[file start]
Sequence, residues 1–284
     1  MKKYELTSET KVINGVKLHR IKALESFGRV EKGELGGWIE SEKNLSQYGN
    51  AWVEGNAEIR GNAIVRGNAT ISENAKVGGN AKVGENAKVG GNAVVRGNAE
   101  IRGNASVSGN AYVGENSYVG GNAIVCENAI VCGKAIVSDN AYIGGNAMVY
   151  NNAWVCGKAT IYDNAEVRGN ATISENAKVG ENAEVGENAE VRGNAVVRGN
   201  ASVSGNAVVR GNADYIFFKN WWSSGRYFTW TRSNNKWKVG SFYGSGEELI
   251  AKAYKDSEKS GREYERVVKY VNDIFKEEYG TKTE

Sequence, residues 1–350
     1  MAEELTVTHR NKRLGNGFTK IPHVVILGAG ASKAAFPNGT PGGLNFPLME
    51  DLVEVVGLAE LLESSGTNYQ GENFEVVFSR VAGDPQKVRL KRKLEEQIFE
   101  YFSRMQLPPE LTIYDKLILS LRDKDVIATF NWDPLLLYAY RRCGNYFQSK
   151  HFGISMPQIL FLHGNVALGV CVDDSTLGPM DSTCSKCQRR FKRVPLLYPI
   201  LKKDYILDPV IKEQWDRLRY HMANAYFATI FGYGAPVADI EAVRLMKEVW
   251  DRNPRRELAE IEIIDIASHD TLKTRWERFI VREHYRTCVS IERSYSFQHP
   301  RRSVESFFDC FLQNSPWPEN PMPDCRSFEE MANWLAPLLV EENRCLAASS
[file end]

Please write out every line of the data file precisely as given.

Sequence, residues 1–284
     1  MKKYELTSET KVINGVKLHR IKALESFGRV EKGELGGWIE SEKNLSQYGN
    51  AWVEGNAEIR GNAIVRGNAT ISENAKVGGN AKVGENAKVG GNAVVRGNAE
   101  IRGNASVSGN AYVGENSYVG GNAIVCENAI VCGKAIVSDN AYIGGNAMVY
   151  NNAWVCGKAT IYDNAEVRGN ATISENAKVG ENAEVGENAE VRGNAVVRGN
   201  ASVSGNAVVR GNADYIFFKN WWSSGRYFTW TRSNNKWKVG SFYGSGEELI
   251  AKAYKDSEKS GREYERVVKY VNDIFKEEYG TKTE

Sequence, residues 1–350
     1  MAEELTVTHR NKRLGNGFTK IPHVVILGAG ASKAAFPNGT PGGLNFPLME
    51  DLVEVVGLAE LLESSGTNYQ GENFEVVFSR VAGDPQKVRL KRKLEEQIFE
   101  YFSRMQLPPE LTIYDKLILS LRDKDVIATF NWDPLLLYAY RRCGNYFQSK
   151  HFGISMPQIL FLHGNVALGV CVDDSTLGPM DSTCSKCQRR FKRVPLLYPI
   201  LKKDYILDPV IKEQWDRLRY HMANAYFATI FGYGAPVADI EAVRLMKEVW
   251  DRNPRRELAE IEIIDIASHD TLKTRWERFI VREHYRTCVS IERSYSFQHP
   301  RRSVESFFDC FLQNSPWPEN PMPDCRSFEE MANWLAPLLV EENRCLAASS